• What kind of water?
  • Is the water going to be flavored?
  • How much additional money are we going to pay for it?
  • How far are we going to drive to obtain it?
  • What kind of store are we going to buy it from (regular grocery or convenience store)?

All of these questions are ones we have to ask ourselves and think through. All of these questions also have a want factor involved in the thought process. So, you can see, most other need vs. wants questions, follow the same pattern - they all involve choices that need to be made. Making the best use of your hard earned money, involves being aware of when "need" can be a tight rope walk of "want" that lands you flat on your face on the ground if you are not careful.

The most practical steps that virtually every American can make, is to exercise maturity and constantly make an effort to learn the habit of living on less, regardless of wealth or lack thereof. Moreover, a life lived depending less on materialism in defining our "success in life" and spending more time and effort on that which is real - the things you do, the people you love, making a difference in this world - all ingredients to make the diligence in minding your personal financial "want list" worthwhile.

At what age should you begin to teach your children the difference between needs vs. wants?

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One Part of the Equation of Financial Literacy is Understanding the Power of Advertising


Often people think they need things due to the power of advertising. It's the job of good advertisers try to appeal to consumers in such a way, that the consumers feel they need certain goods or services, when in fact they only want something.

We need to teach our children and educate ourselves about advertising and the tricks of advertising. It's easy to get sucked into believing you need something, that you later discover wasn't the what you really needed.

Teaching Children About Money

The Simplest Questions May Be the Hardest Ones

Do you ever ask yourself when making a purchase?

  • Do I need this?
  • What would happen if I did not buy this today?
  • Would I be any less if I did not purchase this item?
  • Will I want this a week from now, a month from now, or forever?
  • Will buying this, mean I won't have money for other necessities at the end of the month?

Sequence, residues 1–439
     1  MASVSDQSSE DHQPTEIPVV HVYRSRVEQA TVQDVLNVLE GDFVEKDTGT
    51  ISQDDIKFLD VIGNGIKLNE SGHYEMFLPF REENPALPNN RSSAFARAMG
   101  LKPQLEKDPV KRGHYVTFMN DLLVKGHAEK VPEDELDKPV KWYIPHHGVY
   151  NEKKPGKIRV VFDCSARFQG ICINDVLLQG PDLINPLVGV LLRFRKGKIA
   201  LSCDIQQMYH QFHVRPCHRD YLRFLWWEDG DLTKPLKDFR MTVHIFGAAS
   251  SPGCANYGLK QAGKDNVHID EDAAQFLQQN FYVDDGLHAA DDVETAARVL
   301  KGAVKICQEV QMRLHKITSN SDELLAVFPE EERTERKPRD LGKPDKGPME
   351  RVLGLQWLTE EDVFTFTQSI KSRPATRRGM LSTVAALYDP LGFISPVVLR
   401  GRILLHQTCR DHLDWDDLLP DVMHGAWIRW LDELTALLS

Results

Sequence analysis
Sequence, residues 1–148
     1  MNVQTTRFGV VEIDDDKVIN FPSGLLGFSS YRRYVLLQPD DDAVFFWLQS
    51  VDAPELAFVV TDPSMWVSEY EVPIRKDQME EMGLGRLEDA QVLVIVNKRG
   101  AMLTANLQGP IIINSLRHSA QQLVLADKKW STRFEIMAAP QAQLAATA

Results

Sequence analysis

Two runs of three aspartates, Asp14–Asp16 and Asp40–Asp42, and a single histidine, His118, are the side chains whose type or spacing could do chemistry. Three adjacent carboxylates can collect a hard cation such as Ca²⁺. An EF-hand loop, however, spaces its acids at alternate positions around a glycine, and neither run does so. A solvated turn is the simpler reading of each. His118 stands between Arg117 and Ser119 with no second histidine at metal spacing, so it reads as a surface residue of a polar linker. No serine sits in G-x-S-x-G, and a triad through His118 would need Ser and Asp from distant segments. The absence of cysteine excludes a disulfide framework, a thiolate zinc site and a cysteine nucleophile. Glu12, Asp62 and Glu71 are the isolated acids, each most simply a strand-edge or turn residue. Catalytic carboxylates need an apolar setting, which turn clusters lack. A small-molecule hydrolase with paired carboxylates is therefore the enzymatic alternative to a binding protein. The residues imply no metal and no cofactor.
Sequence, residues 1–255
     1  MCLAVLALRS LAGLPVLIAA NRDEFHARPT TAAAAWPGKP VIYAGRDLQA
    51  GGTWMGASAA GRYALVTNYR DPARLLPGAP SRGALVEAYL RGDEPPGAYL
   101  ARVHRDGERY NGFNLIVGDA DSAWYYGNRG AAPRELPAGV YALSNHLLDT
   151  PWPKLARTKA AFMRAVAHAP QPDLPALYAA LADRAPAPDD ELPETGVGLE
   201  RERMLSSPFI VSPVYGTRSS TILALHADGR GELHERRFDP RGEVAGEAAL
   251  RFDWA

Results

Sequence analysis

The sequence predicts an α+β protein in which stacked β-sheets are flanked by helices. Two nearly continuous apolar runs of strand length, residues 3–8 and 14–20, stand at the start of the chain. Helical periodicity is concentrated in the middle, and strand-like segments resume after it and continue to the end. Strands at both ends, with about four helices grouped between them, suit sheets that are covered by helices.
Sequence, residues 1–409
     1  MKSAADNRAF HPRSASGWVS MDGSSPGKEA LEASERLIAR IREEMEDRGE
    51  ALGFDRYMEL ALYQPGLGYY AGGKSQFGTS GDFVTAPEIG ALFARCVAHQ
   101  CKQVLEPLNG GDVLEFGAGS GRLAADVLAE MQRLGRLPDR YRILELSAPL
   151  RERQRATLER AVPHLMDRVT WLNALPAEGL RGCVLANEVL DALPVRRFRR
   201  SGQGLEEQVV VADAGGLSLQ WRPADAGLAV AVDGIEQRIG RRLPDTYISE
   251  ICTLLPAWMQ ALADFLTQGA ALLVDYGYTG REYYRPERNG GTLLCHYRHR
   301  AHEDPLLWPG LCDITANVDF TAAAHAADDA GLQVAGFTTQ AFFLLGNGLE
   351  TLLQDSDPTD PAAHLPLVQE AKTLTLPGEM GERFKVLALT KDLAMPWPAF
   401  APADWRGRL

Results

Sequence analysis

• Is this purchase important enough to sacrifice something else for?
  • Is this a "need" or a "want?"
  • Will I need to make payments on this item? And, more importantly, can I afford the interest?
  • If I purchase this on credit, just exactly how much will it cost me in interest if I only make the minimum payment?
  • If I purchase this on credit, just exactly how long will I be paying for this item?
  • Can this be bought cheaper at another store?

Think before you spend what you don't really have. One good measuring stick for whether or not you should make an non-essential purchase is -- if you can't afford to pay cash for it right now -- you probably don't need it.


Credit Card Debt and Debt in America

  • Depending upon which source you go to for statistics, the average American has between $8000 and $11,000 in credit card debt.
  • What the statistics don't reveal, is that the above figure does not include loans for vehicles. This brings the average American debt at $18,700 per household.
  • Even more shocking, is that this debt does not include mortgages.


Do I Need It or Do I Want It?


Now more than ever, many of us need to do our homework, throw out the old budget (assuming we even had one) and set up a better budget. We need to get real both with ourselves and the other members of our household, and have everyone on the same financial page.

Look over your new preliminary budget and if it does not cover your basic needs, including some modest savings, then you need to plan some drastic lifestyle overhauling.

In such uncertain financial times as we face today, it is more important than ever to pay your emergency savings fund first no matter how much you'd prefer to spend that money on something else.

Needs vs. Wants

How Many Of These Rationalities Apply To You?

1. I feel the need to keep a "certain" image.

2. I don't keep tabs on how much money I have or how much money I spend on a daily basis.

3. I spend money when I know I have a "windfall" amount of money due in soon.

4. I use credit, even when I have the cash for most purchases.

5. I want what I want, and when I see a bargain on what I want -- I can't resist buying now. I'll figure out how I can pay for it later.

6. I was poor as a child, that's why I spend too much.

7. The raise I just got, means I can afford to buy more.

8. Buying things I like, makes me feel good.

9. If I have certain "things" the world will know I'm worthy.

10. I can't say "no" to my kids, my spouse, my friends -- even through I really can't afford to say "yes."

Teaching Kids About Money

What Are You Doing to Combat Impulse Buying?